The day before surgery I cleaned the house from top to bottom, removed all the throw rugs and things from the stairs, colored and trimmed my hair, did a bit more food shopping (marveling all the while at how easy these tasks were with two functional legs and free hands) and scrubbed myself with Hibiclens before jumping into my freshly washed sheets. For those who have not experienced pre-surgical prep lately, this 3-day special scrub-down is a new infection control measure against pesky things like MRSA.

As Mike was away for training, our good friend John ushered me to the hospital. I chatted his ear off for the 40-minute drive over the mountain, filling him in on all the prep I’d done including another Hibiclens that morning. After ensuring I was in good hands, he took his leave when my anesthesiologist entered, an Air Force man. We talked about the military and he told me he’d buy my novel. His unhurried visit with me was completed unexpected and took my mind off of the impending surgery. I knew he’d take good care of me.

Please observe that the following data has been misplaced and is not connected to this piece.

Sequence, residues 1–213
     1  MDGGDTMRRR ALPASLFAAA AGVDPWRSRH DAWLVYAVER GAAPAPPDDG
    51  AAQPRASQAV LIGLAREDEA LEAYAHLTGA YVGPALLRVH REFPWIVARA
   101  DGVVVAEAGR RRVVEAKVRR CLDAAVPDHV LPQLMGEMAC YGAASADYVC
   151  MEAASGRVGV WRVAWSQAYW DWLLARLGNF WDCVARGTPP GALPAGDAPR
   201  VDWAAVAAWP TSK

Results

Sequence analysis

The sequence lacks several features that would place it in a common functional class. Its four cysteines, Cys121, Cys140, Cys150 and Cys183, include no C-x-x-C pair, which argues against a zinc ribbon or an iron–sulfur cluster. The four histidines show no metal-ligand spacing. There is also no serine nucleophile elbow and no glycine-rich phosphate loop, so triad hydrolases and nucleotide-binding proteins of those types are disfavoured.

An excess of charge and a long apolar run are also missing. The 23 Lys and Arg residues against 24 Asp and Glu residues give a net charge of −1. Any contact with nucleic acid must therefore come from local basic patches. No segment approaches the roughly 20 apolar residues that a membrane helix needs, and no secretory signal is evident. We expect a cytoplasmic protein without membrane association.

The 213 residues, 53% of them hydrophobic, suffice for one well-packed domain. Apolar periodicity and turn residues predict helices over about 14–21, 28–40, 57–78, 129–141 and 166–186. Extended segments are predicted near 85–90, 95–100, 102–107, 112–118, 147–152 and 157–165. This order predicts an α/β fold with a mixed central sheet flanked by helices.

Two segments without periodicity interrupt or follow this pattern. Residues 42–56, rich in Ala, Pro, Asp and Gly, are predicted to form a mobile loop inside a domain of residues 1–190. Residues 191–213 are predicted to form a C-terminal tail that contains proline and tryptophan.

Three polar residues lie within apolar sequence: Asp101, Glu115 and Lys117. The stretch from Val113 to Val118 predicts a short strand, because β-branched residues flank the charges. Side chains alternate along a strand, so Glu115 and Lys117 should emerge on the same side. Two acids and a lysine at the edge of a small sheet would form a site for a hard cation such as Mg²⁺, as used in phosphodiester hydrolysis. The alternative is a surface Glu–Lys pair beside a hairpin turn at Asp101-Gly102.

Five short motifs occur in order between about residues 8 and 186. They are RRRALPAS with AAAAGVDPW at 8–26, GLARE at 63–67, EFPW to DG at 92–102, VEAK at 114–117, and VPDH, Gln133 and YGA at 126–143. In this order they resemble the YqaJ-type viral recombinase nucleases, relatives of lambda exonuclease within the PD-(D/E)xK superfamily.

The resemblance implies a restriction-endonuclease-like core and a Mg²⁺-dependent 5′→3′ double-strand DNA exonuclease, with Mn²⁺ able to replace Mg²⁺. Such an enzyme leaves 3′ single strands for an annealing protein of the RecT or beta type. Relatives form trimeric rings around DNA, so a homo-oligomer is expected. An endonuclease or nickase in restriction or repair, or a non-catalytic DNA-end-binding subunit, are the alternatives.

After handing my “I used Hibiclens for 3 days” checklist to the nurse, the cute doctor came by to reassure me.

“I’m so clean you could eat off me,” I almost dared to tell him. But I didn’t. I didn’t want him to be distracted by that thought while he was fishing around in my ankle.

I wish I could remember what I was blabbing while they pushed me down the hall into surgery because I think it was profound. All I remember was a feeling of absolute bliss, and then a gentle voice asking how I felt.

It was over so very quickly, and the cute doctor told me he was happy with the procedure.

John drove me home, and although I remember being quite chatty for about 5 minutes, the after effects of the anesthesia hit me and I dozed until we got home. I’m pretty sure he was relieved when I finally shut up. He helped me into the house as I fumbled with the crutches, and I was happy to hit the couch until Mike returned a couple of hours later.

crutches day 1, cast on my leg
At least I can wiggle my toes!

I didn’t have much of an appetite, but the lentil soup tasted good, and soon it was time to butt my way up the stairs and into bed. That was yesterday, September 1st, Day One of 42-no-weight-bearing days. What a way to start a new month.